I recently spotted this site, chock full of hardware for every canopy under the sun, on Lindsay's blog.  Because the site won't let me pin these excellent illustrations, I have done what any middle-aged tech repressed mom designer would do: I left the tab open for a couple of weeks.  When I was cleaning out my tabs today, I called the four year old over and asked her what she had really wanted when she requested curtains for her bed.


She basically chose them all.  I think she got a little distracted by all the options (welcome to my world.)  All of a sudden, instead of telling me what she had meant, she was instead telling me what she would like now.

And then she had a brilliant idea.

"Mom."  she said.  "Can I color those?"

And the home decorator coloring sheets were born.


Don't you love that she created her own patterned fabric?  I love the orange and white silhouette floral, and really can't get over that porter-teleo style swirl on the melon colored curtain.  Not to mention the block-print quilt and trimmed out bolsters under the green canopy.  Love.

I would make you some free printables or whatever, but if I figured out how to print these out, so can you.

And if you gorwn-ups want to use them yourselves?  Well, I won't judge.

Monday, February 18, 2013

Craving: Yellow

When I was a kid, my mom allowed me to choose the paint color in my room.  At the tender age of 4 or 5, I chose yellow.  I remember how bright that room was when the sun came pouring in, and the good feeling that it gave me.  Over the years, I have used yellow in my own home in many different ways, and it seems to show up as an accent in my client's spaces on the regular, too.

Source: via Heather on Pinterest

But finding items in just the right shade can be tricky, as manufacturers follow trends, and for the last few years we've seen a ton of chartreuse and citron.  (Another favorite of mine, so I am not complaining!)  A client was particularly craving yellow recently but every single throw pillow and lamp seemed to have a green undertone.  As spring catalogs come my way, I'm noticing a reversal: today's yellow is becoming more clear: lemon or sunshine, or even leaning to the orange: marigold.  (Also quite a lot of butter, but that pale shade leaves me a little cold.)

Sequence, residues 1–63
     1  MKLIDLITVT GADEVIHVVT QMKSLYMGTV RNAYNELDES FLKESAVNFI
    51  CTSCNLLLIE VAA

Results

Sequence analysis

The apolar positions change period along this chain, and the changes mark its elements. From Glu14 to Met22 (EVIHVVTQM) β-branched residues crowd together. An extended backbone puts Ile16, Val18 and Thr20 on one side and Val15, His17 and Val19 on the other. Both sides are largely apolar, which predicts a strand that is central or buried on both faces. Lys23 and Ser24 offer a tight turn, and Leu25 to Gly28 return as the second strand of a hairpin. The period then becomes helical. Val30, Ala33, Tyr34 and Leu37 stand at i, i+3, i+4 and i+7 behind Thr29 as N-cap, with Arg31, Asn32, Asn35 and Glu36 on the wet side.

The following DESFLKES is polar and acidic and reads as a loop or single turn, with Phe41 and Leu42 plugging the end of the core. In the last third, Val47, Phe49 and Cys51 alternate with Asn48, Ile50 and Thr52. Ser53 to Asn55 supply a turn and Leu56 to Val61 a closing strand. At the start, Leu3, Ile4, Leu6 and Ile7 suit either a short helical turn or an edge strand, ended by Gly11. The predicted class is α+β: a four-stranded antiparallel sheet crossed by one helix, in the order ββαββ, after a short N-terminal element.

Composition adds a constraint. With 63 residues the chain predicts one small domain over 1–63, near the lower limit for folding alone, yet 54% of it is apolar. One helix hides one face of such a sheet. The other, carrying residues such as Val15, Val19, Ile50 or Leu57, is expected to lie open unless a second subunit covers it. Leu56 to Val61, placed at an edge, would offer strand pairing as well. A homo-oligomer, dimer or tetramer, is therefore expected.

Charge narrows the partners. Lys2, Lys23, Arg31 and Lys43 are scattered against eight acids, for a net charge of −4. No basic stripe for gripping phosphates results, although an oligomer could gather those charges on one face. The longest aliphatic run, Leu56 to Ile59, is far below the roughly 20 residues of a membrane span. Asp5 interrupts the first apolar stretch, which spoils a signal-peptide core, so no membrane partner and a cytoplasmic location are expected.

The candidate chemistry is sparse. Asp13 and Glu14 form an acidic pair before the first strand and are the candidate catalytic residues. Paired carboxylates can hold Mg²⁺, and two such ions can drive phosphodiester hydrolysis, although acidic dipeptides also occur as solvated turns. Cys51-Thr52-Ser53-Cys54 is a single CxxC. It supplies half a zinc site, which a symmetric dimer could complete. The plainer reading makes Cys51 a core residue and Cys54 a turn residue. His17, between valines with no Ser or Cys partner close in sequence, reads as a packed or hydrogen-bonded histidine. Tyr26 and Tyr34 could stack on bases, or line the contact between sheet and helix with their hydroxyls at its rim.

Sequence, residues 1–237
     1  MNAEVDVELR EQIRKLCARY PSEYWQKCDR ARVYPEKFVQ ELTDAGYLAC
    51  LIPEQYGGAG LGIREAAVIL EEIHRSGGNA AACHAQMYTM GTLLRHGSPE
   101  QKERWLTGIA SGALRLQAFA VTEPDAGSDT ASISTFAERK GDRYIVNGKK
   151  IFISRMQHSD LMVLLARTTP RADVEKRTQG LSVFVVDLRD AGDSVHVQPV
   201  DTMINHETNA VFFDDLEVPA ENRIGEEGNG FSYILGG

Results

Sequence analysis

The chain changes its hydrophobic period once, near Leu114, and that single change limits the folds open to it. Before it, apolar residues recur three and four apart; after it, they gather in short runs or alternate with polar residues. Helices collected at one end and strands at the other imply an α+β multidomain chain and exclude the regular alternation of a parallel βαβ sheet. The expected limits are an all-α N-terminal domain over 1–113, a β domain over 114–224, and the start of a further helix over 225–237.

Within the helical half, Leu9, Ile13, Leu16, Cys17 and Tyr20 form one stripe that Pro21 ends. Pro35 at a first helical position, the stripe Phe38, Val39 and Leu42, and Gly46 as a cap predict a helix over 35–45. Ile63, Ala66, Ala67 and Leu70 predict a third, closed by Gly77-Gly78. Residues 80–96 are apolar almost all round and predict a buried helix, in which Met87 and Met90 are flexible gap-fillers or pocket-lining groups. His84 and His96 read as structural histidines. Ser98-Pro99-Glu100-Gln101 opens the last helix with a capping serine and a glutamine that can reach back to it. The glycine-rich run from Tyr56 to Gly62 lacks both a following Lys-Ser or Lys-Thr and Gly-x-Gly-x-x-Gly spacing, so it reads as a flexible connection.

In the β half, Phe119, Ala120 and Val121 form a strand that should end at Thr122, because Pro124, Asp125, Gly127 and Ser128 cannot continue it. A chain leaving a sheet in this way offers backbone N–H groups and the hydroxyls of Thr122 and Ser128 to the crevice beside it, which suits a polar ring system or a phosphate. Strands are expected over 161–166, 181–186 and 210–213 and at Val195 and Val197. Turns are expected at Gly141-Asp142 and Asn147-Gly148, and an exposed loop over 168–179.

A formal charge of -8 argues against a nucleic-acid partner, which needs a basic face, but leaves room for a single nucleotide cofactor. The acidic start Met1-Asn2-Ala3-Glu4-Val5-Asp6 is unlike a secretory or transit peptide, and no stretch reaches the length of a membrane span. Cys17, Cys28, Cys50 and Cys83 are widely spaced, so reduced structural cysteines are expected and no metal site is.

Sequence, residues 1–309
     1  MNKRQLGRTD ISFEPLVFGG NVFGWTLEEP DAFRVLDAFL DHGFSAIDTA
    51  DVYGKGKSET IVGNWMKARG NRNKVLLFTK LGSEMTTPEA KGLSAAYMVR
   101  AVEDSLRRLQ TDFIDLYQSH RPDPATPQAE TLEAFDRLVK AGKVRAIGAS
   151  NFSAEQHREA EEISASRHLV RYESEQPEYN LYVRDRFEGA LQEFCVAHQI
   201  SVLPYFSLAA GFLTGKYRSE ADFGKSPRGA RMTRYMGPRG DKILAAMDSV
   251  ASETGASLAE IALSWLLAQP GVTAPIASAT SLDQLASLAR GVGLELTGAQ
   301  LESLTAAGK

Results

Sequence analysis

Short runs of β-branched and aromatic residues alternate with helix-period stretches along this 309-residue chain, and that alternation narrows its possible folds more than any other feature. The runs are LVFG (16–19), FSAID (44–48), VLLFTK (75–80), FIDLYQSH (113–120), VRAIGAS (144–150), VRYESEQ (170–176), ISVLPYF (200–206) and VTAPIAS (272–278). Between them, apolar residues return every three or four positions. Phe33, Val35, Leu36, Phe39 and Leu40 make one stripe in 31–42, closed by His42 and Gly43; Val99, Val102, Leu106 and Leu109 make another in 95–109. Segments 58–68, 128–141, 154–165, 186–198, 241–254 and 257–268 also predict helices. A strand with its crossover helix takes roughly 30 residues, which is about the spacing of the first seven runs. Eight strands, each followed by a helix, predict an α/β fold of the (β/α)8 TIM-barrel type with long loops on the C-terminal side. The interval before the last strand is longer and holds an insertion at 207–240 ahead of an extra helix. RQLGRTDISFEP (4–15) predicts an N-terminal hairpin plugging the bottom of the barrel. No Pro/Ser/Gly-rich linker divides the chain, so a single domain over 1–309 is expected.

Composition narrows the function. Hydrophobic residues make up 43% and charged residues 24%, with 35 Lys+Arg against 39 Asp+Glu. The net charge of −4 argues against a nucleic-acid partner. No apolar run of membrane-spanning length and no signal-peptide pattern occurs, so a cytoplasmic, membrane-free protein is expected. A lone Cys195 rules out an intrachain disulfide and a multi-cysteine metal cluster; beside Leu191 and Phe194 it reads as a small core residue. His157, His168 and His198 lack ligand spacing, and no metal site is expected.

Using all the yellow items I have saved to olioboard, I thought I would make a simple little round up.  But then I did that thing where I took an easy thing and made it hard: I set off on the search for every yellow thing under the sun (pun intended).  It overflowed into, well, LOTS of boards.

Accent Furniture





So much sunshine for this very grey Minnesota winter day!

Oh, sources, you say?  That might take a little while....stay tuned, or leave me a note if there is something you must know about.

Check out yellow in some of my old design boards for various clients: living room, living roomdining room, girls' shared room, girls' room, 9-year-old girls' room, plus boards just for fun, like the mixed-gender kids rooms or the floral bedspread 2 1/2 ways.

Tell me: do you love yellow, too?

Saturday, February 16, 2013

Small Measures

I'll tell you: this week was a doozy!
Lots to share if I ever find the time.  :)

For now, art walls may not be new, but this one, with it's excellent use of shape and negative space, is purely inspirational.  Go forth and hang art!

Tuesday, February 12, 2013

Nate hits clearance

I have to admit, I have been stalking the end caps at Target, waiting for the Nate Berkus Home collection to hit clearance.  I am such a fan of his elegant-masculine-traveled aesthetic, but I didn't really "need" any accessories for my home.  (I did use several items from his collection in this project, which needs to be properly photographed and shared.)

But.  I am staging a house this week, and while I made a clean sweep of Target's clearance throw pillows in my client's color palette, I also picked up a few things for myself.  I am loving Nate's little hammered brass bowl on the side table above.  For $7, I think I can justify it.  It is empty now, but it will be filled in about 30 seconds with a collection of painted rocks, shells, my mom's old clip-on earring, squinkies, or whatever else my girls are treasuring these days.  In fact, my four-year-old's eyes lit up when she asked "is that for US?"

Money well spent.

Saturday, February 9, 2013

Small Measures

Two words: Rainbow dresser!

The perfect antidote to all this winter.

Friday, February 8, 2013

Where you'll find me

Remember this?

Well.  It has been quite a project.  Approximately 38 frames up, approximately 60 to go!
I have done a lot of gallery-style walls, but this one required a good deal of planning.  I will do a how-to next week.  Today, I will put a lot of holes in that wall!

Have a great weekend!